- GAN stocks are now available for trade on the Nasdaq.
- The company’s stocks will no longer be traded on AIM, the London based stock market.
- GAN is one of the many sportsbook technology providers in the United States.
NEW YORK – This week, sportsbook technology provider GAN has officially gone public, and now their stocks are available for trade.
Despite the ongoing COVID-19 (coronavirus) pandemic, legal sports betting is making a number of strides in the United States. Sports bets may be at an all-time low, but sports betting businesses are continuing to look towards the future.
Sports Betting Going Public
For sportsbooks to operate, casinos and other locations need to partner with a sports betting provider. Sportsbook providers give the businesses the technology they need to actually operate a sportsbook. That is what GAN does and has done in the United States.
Because of their new roots in the U.S., GAN has decided that it was time to go public in the U.S. stock market. Previously, GAN was publicly traded in AIM, the London based stock trading market.
Now GAN stocks are available to trade on the Nasdaq. So far, GAN has seen some success in its short time on the Nasdaq.
“GAN Limited, a leading business-to-business supplier of internet gambling software-as-a-service solutions primarily to the US land-based casino industry, today announced the pricing of its up-sized initial public offering of 6,380,000 ordinary shares at a price to the public of $8.50 per share,” said an investor report.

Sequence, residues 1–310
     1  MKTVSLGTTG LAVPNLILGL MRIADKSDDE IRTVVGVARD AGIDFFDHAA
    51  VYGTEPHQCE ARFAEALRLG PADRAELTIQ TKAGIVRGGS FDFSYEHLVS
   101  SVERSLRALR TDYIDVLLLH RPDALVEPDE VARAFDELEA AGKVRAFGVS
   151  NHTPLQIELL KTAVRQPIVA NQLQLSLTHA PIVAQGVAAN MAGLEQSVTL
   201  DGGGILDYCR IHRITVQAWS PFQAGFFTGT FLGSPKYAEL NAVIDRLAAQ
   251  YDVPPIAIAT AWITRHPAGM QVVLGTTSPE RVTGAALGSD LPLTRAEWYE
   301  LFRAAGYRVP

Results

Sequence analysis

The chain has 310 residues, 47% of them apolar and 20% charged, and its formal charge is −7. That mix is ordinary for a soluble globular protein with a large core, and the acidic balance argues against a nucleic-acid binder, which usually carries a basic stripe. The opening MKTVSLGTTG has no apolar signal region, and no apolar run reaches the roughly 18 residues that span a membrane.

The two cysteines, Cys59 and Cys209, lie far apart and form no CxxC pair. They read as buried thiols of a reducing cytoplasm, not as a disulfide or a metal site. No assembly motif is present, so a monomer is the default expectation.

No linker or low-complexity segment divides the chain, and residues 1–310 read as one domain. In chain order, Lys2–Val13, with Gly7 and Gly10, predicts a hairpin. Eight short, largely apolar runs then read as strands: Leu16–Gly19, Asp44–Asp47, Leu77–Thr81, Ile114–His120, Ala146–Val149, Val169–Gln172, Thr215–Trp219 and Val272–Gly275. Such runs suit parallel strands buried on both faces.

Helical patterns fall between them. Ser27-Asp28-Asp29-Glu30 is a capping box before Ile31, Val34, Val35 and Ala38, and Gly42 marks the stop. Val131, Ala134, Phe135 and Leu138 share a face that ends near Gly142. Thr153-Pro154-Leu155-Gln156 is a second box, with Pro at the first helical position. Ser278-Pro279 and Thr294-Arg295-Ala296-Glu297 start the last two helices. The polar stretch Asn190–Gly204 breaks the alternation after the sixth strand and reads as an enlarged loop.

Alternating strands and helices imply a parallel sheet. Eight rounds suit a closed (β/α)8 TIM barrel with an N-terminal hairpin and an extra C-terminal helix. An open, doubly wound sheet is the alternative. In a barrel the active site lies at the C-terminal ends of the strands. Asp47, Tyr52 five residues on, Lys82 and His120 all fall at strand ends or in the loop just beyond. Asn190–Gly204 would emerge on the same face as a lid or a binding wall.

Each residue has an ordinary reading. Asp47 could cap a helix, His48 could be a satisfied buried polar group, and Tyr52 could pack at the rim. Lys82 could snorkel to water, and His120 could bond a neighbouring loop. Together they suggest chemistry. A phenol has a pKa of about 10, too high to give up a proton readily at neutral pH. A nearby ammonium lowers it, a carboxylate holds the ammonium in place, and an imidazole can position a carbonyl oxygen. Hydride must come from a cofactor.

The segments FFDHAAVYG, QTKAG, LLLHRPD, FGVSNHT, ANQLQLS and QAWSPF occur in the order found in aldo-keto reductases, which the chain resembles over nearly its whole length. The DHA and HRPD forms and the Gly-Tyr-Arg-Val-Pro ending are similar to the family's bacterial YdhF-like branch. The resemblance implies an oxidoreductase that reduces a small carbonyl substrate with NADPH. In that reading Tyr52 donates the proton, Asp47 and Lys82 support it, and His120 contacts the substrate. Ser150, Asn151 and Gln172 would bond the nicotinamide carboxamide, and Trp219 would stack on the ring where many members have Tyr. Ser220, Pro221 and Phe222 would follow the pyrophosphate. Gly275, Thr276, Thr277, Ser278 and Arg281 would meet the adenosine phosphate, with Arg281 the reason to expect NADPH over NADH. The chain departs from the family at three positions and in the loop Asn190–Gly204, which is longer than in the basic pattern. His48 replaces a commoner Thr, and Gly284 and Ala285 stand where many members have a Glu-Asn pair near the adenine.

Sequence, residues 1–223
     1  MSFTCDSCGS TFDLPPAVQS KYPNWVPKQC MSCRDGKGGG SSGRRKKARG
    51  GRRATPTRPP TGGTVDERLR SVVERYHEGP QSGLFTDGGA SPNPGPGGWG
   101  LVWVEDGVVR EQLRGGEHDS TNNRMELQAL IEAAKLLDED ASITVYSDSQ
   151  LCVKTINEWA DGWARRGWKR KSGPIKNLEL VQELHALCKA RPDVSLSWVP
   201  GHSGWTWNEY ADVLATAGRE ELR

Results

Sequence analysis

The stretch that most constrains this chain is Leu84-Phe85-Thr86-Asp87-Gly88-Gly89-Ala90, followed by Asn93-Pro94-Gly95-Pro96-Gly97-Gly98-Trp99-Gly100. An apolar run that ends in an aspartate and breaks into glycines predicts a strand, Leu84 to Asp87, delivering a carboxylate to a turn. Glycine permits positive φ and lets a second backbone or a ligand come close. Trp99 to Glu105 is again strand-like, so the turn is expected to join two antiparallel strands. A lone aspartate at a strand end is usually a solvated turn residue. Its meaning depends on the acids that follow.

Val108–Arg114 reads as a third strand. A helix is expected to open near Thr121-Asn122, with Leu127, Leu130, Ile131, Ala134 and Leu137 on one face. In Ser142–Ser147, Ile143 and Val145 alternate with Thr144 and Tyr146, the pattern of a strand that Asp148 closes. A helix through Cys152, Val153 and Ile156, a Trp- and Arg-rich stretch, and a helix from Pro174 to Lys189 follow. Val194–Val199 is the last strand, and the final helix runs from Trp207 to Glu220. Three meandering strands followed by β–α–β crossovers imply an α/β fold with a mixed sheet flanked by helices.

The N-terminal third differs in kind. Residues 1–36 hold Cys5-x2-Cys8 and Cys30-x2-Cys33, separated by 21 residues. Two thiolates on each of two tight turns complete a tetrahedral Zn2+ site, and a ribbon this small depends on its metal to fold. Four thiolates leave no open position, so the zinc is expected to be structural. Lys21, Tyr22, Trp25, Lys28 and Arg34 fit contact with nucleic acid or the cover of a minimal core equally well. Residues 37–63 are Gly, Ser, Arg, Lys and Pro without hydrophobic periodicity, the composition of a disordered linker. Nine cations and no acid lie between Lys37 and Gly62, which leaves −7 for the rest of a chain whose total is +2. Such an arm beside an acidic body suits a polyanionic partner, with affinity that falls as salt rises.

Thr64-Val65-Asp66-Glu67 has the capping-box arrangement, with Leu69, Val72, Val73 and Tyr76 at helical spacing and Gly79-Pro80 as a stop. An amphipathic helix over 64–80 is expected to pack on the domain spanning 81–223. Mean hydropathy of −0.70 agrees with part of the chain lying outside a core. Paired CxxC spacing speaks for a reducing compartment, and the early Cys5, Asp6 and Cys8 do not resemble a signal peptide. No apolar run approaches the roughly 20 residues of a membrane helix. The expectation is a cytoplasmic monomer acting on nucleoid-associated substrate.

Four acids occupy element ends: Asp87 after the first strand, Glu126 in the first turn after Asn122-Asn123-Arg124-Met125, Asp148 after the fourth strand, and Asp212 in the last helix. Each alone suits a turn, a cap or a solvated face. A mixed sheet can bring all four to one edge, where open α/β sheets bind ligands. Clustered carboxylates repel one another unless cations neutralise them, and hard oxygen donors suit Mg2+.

GAN is not the only sports betting company that has gone public. One of the more popular sportsbooks in the U.S. is the DraftKings Sportsbook. About two weeks ago, DraftKings went public on the Nasdaq as well.
Although sports betting has hit an all-time low due to the coronavirus pandemic, sports betting companies are still making strides for the industry. Now there are more companies that have gone public on the Nasdaq and more could reasonably do so in the future.
Daniel is a writer that enjoys writing to inform readers. When Daniel was writing for The Borgen Project, he liked informing the world about victories in global poverty issues. Daniel is also an avid horse racing fan who has been going to the track with his father for over a decade betting the ponies. When he is not writing about sports betting or at the track, Daniel loves playing video games and watching sports in his spare time.